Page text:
If you're a smoker and you've ever tried and failed to quit, this may be just the thing for you.
Long popular in other countries, battery-operated electronic cigarettes, or "e-cigs" look and taste like the real thing and even release vapor that looks like smoke. But they don't have the killer tobacco or tar in them, makers say. Instead, they contain liquid nicotine, the highly addictive ingredient in cigarettes, in a base of propylene glycol fog -- the same chemical used in theatrical smoke.. Alternately, you can get versions that have no nicotine at all, just a flavored fog.
“It works like a fog machine,” said Brad Owens as he lit up in his local bar. “No tar, carcinogens, no first- or second-hand smoke.”
U.S. & World
Owens said he quit his cigarette habit soon after he began using an electronic cigarette.
“This is a harmless chemical that the FDA has already determined is safe for human consumption,” said businessman Christian Berkey, the only U.S. manufacturer of the liquid that goes into the e-cigs. “It’s an alternative to smoking.”
But there are critics. E-cigarettes are banned in Canada, Australia and Hong Kong. That’s mainly because all of the devices, and nearly all of the liquid, come from China. And despite claims to the contrary, there’s no proof that the Chinese liquid contains no harmful chemicals. There are no independent scientific studies that show exactly what’s in the liquid imports, or that prove e-cigarettes can help people to stop smoking.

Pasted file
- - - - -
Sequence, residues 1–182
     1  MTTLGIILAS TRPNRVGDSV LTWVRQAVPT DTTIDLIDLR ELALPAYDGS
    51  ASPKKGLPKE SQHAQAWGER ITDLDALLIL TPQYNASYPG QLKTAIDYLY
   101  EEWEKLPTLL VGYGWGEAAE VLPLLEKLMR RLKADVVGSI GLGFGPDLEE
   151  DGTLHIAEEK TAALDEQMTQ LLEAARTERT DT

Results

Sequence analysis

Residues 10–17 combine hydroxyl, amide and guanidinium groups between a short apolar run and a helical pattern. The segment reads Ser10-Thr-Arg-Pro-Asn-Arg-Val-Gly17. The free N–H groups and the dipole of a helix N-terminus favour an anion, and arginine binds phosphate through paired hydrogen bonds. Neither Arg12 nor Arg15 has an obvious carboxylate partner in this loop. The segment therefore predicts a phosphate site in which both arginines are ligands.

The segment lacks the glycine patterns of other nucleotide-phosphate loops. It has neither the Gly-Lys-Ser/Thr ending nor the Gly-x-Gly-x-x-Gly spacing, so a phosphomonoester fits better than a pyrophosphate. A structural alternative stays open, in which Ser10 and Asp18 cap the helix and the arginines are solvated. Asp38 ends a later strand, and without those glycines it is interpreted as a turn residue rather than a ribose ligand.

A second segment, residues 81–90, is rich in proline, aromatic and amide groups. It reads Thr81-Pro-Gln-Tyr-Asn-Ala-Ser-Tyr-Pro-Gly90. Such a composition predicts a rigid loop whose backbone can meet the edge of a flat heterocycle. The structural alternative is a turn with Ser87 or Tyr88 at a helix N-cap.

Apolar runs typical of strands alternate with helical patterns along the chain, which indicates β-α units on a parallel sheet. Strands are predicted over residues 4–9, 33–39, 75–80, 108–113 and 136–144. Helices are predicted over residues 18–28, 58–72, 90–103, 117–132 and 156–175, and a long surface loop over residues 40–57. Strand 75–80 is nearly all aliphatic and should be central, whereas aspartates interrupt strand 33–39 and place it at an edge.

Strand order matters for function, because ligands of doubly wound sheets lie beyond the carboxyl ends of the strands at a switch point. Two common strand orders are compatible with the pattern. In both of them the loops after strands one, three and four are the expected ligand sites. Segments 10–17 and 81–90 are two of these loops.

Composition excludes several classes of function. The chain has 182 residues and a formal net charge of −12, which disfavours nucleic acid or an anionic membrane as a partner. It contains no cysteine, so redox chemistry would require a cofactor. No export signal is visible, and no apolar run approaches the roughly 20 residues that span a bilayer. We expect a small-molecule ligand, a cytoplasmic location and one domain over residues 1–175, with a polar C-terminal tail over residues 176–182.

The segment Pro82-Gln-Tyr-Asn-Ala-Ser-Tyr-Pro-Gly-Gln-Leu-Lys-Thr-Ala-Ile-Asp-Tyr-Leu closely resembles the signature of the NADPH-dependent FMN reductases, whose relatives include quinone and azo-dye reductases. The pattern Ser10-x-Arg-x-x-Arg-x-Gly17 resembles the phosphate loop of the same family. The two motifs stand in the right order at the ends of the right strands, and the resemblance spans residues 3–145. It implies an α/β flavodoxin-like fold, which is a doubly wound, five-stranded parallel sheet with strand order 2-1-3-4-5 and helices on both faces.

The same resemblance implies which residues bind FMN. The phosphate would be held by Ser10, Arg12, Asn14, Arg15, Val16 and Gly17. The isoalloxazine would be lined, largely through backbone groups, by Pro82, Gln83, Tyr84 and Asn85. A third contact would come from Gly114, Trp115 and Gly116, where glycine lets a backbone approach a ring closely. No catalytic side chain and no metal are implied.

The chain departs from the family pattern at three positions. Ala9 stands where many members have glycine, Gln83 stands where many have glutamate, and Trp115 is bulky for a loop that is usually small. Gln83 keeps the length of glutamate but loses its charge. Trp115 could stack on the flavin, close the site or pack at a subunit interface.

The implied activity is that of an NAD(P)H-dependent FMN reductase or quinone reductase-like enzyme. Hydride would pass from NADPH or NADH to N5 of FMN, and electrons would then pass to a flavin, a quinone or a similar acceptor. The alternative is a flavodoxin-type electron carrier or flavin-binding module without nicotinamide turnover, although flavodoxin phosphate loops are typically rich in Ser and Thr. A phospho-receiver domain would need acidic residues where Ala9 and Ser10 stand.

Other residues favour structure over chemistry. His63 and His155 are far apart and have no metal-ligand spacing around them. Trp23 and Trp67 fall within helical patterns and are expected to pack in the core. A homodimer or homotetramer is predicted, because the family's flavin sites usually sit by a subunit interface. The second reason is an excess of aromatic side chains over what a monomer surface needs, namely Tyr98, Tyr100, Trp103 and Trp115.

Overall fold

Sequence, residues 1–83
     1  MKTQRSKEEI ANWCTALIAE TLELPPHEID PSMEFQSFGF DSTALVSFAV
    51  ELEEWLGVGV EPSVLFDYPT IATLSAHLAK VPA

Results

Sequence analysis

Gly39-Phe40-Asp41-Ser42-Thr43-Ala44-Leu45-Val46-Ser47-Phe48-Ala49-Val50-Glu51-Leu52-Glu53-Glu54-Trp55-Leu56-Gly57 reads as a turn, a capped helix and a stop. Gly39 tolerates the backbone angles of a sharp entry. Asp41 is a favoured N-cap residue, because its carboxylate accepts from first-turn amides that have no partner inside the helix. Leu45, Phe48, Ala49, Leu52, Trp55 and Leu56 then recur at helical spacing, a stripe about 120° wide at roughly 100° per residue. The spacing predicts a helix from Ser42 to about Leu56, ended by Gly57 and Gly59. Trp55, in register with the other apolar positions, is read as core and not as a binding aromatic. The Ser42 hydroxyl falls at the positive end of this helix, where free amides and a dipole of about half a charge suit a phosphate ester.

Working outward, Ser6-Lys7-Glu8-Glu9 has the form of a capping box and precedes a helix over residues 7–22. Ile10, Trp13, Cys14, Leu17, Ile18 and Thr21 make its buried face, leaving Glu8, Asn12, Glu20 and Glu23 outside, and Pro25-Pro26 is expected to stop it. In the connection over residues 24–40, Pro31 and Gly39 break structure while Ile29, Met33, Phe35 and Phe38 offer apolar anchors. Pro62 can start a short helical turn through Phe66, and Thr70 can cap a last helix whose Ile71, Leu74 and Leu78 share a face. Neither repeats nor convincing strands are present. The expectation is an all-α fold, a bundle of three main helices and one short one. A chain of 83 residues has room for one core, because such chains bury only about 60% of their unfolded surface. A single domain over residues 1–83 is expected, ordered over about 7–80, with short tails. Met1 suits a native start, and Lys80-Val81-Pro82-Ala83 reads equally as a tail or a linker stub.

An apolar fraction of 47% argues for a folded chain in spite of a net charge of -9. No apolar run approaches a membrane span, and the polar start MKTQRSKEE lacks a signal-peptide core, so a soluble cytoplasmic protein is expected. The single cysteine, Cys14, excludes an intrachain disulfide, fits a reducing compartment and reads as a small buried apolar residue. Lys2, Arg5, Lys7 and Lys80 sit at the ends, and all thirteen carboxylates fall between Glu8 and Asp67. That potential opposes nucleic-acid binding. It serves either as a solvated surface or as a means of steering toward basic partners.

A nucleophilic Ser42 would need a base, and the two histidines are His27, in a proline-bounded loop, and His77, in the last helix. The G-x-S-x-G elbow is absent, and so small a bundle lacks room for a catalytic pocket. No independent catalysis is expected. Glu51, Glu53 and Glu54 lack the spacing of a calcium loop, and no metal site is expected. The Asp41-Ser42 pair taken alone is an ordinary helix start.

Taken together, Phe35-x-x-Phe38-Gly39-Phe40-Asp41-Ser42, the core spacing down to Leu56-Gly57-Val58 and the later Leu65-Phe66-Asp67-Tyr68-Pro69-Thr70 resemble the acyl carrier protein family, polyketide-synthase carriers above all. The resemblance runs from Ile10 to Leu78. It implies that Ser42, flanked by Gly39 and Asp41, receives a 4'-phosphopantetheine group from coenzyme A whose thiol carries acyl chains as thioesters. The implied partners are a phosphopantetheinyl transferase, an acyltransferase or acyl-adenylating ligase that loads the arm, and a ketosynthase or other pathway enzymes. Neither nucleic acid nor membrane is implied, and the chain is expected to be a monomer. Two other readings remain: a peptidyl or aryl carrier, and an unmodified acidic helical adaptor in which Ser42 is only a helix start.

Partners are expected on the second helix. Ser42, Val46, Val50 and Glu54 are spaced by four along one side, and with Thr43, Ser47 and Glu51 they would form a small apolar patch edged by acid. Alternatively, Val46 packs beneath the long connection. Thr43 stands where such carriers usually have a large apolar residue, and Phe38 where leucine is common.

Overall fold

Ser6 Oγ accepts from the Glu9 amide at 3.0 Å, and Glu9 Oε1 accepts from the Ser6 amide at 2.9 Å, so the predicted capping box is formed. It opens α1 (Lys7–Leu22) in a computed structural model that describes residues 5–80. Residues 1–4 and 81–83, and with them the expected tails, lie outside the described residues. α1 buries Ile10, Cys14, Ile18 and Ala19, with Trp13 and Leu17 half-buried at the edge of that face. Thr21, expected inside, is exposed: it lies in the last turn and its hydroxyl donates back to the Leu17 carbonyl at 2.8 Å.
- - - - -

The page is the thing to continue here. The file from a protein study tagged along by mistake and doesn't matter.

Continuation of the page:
The FDA has tried to stop e-cig imports. It is currently being sued by an e-cig distributor for claiming authority to regulate electronic cigarettes, but that may become a moot point. The U.S. House of Representatives has passed a bill that would clearly give the FDA. authority over the devices -- because the agency considers them unapproved drugs that need to be tested for safety.
Any safe device that helps people cut down or quit smoking real tobacco is a good idea, Chicago smoking cessation expert Carol Southard said -- but until she sees scientific evidence that they’re safe and effective, she can’t recommend e-cigarettes. She’s also concerned that e-cigs in a child’s hands may lead to smoking real cigarettes at an early age.
The president of the U.S. division of SmokeStik maintains that there are no dangers in the product.
"We have taken away every single harmful chemical in the cigarette and left nothing but a nicotine delivery device," said Brian Culwell.
Ruyan Group Ltd, a Beijing-based company, was the first to develop electronic cigarettes. They say its patented atomizer technology allows users to get an immediate nicotine fix without being harmed by the hazardous chemicals produced when tobacco is burned.
Canada-based SmokeStik says its products are not meant to help people quit smoking.
"We're saying, if you want to smoke ... at least choose a healthier alternative," Culwell said.
As the debate continues, thousands of people are buying e-cig kits. Sellers say there have been no reports of medical problems from using them.
Brad Owens purchased his kit for $50 from a Chicago-area distributor. He soon found an added benefit to using e-cigs over cigarettes.
“When I went dating, it makes it easier when you’re not a smoker."